Sophia, you managed both direction and performance with Ten, a feat that’s notoriously tricky for directors just starting out. While you shared tasks with Michael, how did this work for you? How did you police yourself and direct your co-performers while trying to stay in character and in the scene?
Sophia: In the weeks leading up to the shoot, Michael and I had a bunch of individual and group read-throughs with the actors, outlining the characters’ line-by-line motives and intentions. So, by the time we got to the mansion to shoot, the actors had a pretty good idea of what we expected in terms of performance. When I was on camera, I trusted that Michael and our cinematographer, Kelly Davidson were getting the shots that we had painstakingly planned out. We purposely wrote my part to be relatively small, but to be honest, I would have liked to have been able to devote more mental energy to it!
Both of you had your start in the Boston music scene. Can you give us the quick and dirty on how you made the transition to the indie film scene? What piqued your interest, and how the reception has been?
Writing songs and performing music was our first major creative outlet, and that is actually how we met. A few years ago, we decided it was time to have some music videos for our bands, and at first we worked with other directors and production crews, making two major videos – The Motion Sick – “30 Lives” directed by Neil Forman (2006) and Do Not Forsake Me Oh My Darling – “Episode 1 – Arrival” directed by Theodore Cormey (2011). We learned a huge amount by watching how both of these directors worked. These videos were great successes for us, airing on a lot of TV stations, ending up in several Dance Dance Revolution games, and being recognized in TIME Magazine’s Best of the Year list.
We were very excited about making more videos but recognized that we needed how to make them on a much smaller production scale, which included learning how to do all of the production work ourselves. After several music videos and a few short films for various contests and projects, we decided it was time for us to go full force and make a feature. At first, we definitely leaned on our friends in the music and performance community for support and resources. Since finishing the film, we’ve felt very welcomed into the local film community.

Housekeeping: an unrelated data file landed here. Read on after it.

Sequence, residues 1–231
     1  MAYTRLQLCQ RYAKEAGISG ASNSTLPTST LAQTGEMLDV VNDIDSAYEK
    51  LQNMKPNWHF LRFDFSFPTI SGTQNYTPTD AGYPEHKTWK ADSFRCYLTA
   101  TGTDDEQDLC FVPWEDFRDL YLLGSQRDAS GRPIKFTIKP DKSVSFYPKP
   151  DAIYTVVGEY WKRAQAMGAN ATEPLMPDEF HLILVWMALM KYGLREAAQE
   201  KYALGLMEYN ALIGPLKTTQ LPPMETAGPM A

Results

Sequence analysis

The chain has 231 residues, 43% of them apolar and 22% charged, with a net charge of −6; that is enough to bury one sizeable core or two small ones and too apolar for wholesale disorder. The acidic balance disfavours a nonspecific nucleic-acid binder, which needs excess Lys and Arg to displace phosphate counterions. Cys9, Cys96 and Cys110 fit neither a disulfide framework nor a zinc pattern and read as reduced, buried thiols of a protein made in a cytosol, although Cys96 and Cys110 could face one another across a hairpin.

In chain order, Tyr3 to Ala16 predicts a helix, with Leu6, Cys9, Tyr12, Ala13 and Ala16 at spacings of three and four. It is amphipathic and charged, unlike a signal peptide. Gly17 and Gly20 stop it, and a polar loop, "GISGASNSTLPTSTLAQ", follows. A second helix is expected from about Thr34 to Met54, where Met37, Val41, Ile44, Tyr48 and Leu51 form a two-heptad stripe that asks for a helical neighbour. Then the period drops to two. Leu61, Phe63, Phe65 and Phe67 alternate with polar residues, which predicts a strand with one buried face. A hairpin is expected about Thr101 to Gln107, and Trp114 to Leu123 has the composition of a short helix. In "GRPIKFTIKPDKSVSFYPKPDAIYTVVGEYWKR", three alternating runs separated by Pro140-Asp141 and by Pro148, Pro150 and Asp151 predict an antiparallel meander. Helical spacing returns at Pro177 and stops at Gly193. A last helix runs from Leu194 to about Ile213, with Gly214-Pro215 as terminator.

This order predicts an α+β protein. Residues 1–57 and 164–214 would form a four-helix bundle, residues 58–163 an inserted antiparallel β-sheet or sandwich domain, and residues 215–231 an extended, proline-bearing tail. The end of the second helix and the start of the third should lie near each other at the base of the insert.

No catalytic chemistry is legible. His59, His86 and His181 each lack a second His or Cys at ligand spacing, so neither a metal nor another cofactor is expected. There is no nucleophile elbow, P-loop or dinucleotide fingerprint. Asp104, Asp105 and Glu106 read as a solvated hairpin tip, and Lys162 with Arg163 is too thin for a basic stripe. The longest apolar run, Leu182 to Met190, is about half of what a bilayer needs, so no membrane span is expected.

Do you have any advice for independent filmmakers looking to make their first feature?
Michael: Just do it! Seriously. That is the best advice I can give. Don’t wait until you think you know what you’re doing. Don’t wait until you have the right gear. Don’t wait until the moon is aligned in the right sky quadrant with Pluto. Just make your damn movie.
In the months leading up to Ten, all we did was watch other movies and then rewatch them immediately after with commentary. It was an incredibly interesting and informative way to get a sense of what other filmmakers were doing. In particular, I found the commentaries of Lloyd Kaufman, Jim Wynorski and Shane Carruth to be exciting because they were always working with very limited budgets and resources, but managed to do wonderful things. I also read about a dozen books on screenwriting, filmmaking, festivals, marketing and sales.
Sophia: Also, go out and make friends. If you have a network and you can ask for help, it makes everything much more possible. People have been so supportive and excited to help out, even when “helping out” isn’t very glamorous. The arts community in Boston is so strong and connected, and we all love coming together to make art happen. I am forever grateful that I can ask online to borrow something obscure – a Commodore 64 monitor, antique candlesticks or a Frankenstein’s monster mask – and have the items show up at my door in less than 24 hours. In this age of dwindling industry investment, it’s essential to find your friends and co-conspirators.
Your next piece, Magnetic, is in production right now. Can you tell us a little more about it??
We wanted to make something really different from Ten, and we were already excited about doing a sci-fi film, so we wrote a script that we could make without huge resources. Magnetic is a cerebral sci-fi film starring Allix Mortis as the sole cast member. It is based in a world in which a coronal mass ejection is about to strip the Earth of its atmosphere, ending all life. It’s heavily focused on impartial concepts of duality – existence and non-existence, light and darkness, truth and beauty. It’s far more sparse and music-based than Ten, but attempts to blend philosophical ideas with a wrapper plot that’s interesting.
On December 31st, the Earth will be destroyed. Everything you know will become nothing, maybe it already has.
Thanks for taking the time to talk with me! Hopefully we’ll get to catch Magnetic at next year’s BUFF.